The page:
Thursday, June 20, 2013

The Holy Trinity In Your Brain

Paul D. MacLean created a theory of the triune brain  where he subdivided the brain into three functioning parts each built from one another in an evolutionary timescale. One brain atop another. Three distinct brains. I'll briefly go over these and cover why they relate to the Holy Trinity in Christianity.

The oldest and most ingrained is the reptilian complex which deals with elements of aggression, violence, and instincts. Next is the paleomammalian complex, otherwise known as the limbic system, which deals with many things but chief among them is emotion.

I've written before that humans are social animals and we form emotional bonds and have emotions because they serve some function. There is a reason we have emotions. The limbic system is largely responsible for these emotions and for the pair bonds we form. It can easily be termed the emotional nest of the brain.

Lastly is the newest brain and what some might consider the best brain. This is the neomammalian complex, otherwise known as the neocortex. It's the part of the brain responsible for science, technology, and philosophy. It deals with logic, reason, and abstraction. The development of this part of the brain has given rise to nearly all of technological progress.

The Father is often portrayed as God Almighty. He is in Heaven and passes judgement on others. Cold, remorseless calculation could be another way to describe the Father. This is the neocortex, the father. While all brains might be equal, some brains are more equal than others. The neocortex is more equal.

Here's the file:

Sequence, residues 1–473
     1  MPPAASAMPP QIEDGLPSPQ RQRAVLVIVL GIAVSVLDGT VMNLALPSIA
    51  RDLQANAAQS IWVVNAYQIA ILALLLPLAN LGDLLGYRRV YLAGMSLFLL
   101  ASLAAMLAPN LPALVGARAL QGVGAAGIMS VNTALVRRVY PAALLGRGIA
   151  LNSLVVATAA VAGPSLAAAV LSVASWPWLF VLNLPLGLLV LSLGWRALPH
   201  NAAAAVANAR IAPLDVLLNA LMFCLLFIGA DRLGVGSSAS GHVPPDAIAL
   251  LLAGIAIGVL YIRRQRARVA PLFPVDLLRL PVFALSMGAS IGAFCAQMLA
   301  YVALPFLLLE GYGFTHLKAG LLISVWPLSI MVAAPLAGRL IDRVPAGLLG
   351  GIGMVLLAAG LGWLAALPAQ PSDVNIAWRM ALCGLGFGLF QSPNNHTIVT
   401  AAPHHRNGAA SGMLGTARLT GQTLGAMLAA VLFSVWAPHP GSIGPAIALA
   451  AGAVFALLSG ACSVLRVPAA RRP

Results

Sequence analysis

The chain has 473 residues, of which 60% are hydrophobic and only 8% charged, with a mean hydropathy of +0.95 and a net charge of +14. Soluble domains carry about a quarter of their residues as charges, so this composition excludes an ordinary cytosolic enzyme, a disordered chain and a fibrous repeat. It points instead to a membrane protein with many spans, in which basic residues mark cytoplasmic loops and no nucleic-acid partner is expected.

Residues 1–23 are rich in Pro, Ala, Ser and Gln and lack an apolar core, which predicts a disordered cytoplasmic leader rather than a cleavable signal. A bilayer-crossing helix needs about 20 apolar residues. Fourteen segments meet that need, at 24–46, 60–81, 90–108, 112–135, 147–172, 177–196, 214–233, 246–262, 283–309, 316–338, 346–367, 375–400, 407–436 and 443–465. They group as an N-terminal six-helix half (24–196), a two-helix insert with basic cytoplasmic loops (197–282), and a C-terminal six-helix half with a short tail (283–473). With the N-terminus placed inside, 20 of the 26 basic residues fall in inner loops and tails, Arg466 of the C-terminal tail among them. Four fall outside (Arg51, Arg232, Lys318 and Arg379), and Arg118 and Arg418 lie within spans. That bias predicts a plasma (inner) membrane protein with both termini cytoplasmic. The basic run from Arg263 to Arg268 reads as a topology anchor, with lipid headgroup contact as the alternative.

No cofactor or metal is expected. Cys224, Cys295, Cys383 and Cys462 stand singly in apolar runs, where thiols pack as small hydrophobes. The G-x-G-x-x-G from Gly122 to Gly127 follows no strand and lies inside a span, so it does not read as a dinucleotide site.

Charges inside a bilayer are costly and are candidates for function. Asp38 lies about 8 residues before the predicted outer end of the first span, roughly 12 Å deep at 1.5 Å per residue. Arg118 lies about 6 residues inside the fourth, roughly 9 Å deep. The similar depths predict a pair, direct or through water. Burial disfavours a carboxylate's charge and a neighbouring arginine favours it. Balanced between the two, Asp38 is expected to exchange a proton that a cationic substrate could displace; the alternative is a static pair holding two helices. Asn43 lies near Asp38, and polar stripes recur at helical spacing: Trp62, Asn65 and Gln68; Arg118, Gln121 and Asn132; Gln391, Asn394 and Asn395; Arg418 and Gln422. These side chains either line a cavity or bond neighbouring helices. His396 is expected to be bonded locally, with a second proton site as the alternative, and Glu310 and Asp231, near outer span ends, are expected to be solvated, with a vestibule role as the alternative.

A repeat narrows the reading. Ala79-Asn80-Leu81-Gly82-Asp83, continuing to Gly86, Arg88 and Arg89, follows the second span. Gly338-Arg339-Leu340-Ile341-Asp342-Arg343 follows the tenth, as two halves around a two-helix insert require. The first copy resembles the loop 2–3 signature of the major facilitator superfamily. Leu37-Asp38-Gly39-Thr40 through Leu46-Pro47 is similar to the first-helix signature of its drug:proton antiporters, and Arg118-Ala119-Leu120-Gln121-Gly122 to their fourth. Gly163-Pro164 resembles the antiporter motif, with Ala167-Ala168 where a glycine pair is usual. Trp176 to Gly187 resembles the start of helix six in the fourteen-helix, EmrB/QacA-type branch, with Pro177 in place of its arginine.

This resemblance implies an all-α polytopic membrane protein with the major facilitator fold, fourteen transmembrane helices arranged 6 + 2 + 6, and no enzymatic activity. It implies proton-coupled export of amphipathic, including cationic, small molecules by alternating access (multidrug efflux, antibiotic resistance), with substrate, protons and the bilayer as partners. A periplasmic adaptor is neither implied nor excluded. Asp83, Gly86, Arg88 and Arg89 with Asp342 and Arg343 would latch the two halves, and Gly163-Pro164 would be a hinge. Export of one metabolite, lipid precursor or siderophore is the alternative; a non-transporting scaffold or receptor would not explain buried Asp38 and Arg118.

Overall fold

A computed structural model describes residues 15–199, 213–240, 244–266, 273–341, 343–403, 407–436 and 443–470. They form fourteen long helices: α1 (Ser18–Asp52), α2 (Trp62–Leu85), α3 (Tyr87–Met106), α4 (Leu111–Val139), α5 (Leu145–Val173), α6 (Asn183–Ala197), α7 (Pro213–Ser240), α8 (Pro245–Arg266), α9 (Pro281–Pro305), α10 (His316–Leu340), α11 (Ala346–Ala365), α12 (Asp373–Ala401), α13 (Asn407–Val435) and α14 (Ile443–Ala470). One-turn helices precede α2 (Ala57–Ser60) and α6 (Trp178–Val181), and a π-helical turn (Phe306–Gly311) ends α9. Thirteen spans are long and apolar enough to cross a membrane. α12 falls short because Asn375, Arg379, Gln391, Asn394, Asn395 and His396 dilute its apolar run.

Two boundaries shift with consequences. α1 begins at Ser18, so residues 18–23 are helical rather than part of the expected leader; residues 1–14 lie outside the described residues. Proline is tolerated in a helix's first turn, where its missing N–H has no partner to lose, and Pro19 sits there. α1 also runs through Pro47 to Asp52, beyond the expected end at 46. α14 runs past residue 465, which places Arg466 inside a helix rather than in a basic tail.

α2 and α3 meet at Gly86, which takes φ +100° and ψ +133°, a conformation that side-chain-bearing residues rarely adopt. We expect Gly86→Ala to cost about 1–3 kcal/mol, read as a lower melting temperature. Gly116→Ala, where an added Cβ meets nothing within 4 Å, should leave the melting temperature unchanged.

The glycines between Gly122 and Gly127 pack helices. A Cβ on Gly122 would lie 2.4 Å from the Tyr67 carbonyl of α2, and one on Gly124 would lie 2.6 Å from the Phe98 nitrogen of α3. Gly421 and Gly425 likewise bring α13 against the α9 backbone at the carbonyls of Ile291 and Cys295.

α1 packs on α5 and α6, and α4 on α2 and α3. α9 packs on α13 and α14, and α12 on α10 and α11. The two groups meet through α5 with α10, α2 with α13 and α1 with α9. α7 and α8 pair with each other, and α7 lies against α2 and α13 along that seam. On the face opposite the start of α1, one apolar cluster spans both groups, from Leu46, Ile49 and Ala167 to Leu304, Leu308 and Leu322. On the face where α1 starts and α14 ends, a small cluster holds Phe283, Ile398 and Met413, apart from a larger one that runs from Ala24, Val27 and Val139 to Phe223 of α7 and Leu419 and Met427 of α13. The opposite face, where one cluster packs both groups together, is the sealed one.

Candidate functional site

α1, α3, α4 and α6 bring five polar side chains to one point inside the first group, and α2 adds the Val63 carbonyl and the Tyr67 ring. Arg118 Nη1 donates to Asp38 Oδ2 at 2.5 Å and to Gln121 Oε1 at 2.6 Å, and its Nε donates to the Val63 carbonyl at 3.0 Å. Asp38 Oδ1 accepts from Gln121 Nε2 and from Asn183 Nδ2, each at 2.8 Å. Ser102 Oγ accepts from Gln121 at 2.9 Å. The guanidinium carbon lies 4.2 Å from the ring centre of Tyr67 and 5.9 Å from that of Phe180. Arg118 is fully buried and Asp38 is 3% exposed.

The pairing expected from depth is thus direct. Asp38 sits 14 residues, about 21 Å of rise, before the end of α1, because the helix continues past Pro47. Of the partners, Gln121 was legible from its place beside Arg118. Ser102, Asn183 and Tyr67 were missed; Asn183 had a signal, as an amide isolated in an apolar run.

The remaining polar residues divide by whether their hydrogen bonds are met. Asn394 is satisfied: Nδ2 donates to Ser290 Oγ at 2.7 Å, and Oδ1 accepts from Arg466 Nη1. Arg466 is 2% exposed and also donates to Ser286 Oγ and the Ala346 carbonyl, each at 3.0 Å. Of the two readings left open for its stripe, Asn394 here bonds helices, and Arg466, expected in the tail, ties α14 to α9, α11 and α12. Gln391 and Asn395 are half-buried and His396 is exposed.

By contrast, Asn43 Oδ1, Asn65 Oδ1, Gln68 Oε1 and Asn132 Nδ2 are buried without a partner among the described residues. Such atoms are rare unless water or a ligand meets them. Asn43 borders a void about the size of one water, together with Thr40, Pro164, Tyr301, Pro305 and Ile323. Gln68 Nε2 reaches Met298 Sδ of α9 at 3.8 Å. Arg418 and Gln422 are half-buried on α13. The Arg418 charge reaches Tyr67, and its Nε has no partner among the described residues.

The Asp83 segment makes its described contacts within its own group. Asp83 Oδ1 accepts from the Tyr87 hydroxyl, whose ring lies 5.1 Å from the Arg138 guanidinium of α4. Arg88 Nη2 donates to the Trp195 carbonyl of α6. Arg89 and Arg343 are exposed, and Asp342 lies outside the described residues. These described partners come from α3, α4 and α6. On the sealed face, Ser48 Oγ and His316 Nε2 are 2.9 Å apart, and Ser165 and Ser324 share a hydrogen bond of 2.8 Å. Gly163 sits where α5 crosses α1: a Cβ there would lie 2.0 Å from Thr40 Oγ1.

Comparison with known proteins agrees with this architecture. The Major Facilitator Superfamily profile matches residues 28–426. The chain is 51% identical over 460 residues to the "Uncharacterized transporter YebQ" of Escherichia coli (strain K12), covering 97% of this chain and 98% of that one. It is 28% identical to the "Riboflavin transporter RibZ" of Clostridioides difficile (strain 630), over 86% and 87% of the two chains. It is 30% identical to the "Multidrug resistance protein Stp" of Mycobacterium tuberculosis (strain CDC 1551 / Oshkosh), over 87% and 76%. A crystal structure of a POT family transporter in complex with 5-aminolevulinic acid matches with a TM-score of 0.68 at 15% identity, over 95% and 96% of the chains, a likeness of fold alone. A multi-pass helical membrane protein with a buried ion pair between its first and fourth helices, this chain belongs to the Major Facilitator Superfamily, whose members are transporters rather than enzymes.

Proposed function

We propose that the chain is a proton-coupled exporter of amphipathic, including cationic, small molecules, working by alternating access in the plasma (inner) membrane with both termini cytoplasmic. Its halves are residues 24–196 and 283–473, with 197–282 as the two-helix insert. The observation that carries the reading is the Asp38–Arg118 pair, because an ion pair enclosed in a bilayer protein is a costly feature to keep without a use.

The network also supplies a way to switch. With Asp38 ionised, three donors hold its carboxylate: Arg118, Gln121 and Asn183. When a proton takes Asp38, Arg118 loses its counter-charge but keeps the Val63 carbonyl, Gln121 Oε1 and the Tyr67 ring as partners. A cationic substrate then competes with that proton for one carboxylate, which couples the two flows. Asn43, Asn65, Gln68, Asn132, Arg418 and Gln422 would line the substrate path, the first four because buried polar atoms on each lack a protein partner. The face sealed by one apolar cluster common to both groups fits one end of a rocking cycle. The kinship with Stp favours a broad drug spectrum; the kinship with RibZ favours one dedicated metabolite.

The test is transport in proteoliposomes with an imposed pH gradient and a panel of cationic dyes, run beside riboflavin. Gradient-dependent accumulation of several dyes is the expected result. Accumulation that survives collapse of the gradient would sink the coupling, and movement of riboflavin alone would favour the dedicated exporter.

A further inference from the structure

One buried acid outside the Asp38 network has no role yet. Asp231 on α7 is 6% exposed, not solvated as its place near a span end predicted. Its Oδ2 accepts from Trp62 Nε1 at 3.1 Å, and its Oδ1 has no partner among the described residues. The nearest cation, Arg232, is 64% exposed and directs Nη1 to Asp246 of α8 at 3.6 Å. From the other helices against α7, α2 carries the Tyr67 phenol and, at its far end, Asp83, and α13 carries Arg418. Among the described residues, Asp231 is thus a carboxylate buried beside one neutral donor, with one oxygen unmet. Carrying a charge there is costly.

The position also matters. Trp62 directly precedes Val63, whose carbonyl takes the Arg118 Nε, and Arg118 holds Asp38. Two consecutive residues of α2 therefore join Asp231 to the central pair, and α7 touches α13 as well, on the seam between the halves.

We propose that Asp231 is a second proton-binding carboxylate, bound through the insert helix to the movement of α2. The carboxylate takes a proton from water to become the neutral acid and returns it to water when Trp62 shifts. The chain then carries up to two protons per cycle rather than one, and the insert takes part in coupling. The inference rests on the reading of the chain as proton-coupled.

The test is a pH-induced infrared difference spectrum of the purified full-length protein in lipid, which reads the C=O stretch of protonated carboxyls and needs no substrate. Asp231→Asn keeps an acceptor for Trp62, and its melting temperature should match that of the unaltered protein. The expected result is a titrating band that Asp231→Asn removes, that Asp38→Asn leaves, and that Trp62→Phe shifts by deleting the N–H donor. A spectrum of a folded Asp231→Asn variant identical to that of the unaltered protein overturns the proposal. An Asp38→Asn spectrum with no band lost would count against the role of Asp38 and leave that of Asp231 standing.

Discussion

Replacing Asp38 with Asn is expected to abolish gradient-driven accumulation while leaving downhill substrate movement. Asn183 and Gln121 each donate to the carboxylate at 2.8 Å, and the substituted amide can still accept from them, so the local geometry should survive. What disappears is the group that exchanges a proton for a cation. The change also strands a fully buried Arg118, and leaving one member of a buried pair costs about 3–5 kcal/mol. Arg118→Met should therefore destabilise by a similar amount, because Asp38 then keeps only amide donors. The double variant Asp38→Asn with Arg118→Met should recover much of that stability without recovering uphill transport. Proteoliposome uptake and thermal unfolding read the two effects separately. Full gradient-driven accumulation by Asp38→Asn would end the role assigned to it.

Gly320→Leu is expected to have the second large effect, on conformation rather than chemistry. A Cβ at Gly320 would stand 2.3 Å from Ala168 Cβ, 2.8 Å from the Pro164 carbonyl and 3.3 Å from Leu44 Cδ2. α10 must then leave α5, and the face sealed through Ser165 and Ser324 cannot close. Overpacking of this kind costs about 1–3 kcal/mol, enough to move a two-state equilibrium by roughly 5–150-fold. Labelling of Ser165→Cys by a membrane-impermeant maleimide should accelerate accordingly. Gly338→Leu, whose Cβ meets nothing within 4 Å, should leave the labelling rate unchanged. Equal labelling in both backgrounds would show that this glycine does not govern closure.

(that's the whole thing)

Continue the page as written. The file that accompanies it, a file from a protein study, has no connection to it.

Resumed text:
Jesus is the son.  He's the second part of the trinity. This is the part of God heard about in today's church. He is endless, boundless love. God is love. You don't need to dig too deep in a church to hear this message. It's broadcast nearly every sunday and people line up to hear about it. It's no wonder that church pews are packed with women especially when the message is often centered on the God is love meme. This is the part of the trinity which deals with the paleomammalian complex, the amygdalae, and emotions.

Last, we have the Holy Spirit. Even in the Christian Community this is a nebulous, abstract concept. There are multiple theories of what this is. I've heard some state that the Holy Spirit is the church or that the Holy Spirit is the world or that the Holy Spirit is the essences of God's love instilled in people and spread when they perform charity and compassion. It's most related to the reptilian complex not because the holy spirit is seen as violent but because of its mystery. Instinct is behavior we exhibit that was never taught to us. We just do it as a babe suckles to a teet without bein shown how. We imbibe these instinctual behaviors without really knowing or understanding where it comes from. The Holy Spirit just takes over, as they say.

Continue Reading: My Tumble Down the Rabbit Hole


  1. How about a comparison of one of the Norse Trinities (Odin, Ve and Vili) to the tri-partite aspect of the brain?

    Odin coresponds to rage of the limbic system (one of his names is 'Wod' which means fury), Ve corresponds to sense perception of the mid-brain, and Vili to thought (literally 'Will') of the neo-cortex.

    1. that would be hard for me because I don't know much about norse religion. It sounds interesting though.